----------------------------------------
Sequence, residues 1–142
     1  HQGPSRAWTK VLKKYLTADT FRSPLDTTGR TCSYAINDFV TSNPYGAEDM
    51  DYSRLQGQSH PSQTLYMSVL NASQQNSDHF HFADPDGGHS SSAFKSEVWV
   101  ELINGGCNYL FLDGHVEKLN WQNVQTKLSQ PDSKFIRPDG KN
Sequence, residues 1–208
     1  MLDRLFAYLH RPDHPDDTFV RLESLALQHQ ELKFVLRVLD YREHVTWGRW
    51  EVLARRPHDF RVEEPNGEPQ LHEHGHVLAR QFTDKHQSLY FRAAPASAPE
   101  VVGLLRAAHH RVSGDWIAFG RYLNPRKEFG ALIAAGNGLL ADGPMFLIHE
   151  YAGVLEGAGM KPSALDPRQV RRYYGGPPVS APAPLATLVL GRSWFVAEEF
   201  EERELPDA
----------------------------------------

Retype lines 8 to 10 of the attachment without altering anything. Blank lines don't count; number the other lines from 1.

   101  VVGLLRAAHH RVSGDWIAFG RYLNPRKEFG ALIAAGNGLL ADGPMFLIHE
   151  YAGVLEGAGM KPSALDPRQV RRYYGGPPVS APAPLATLVL GRSWFVAEEF
   201  EERELPDA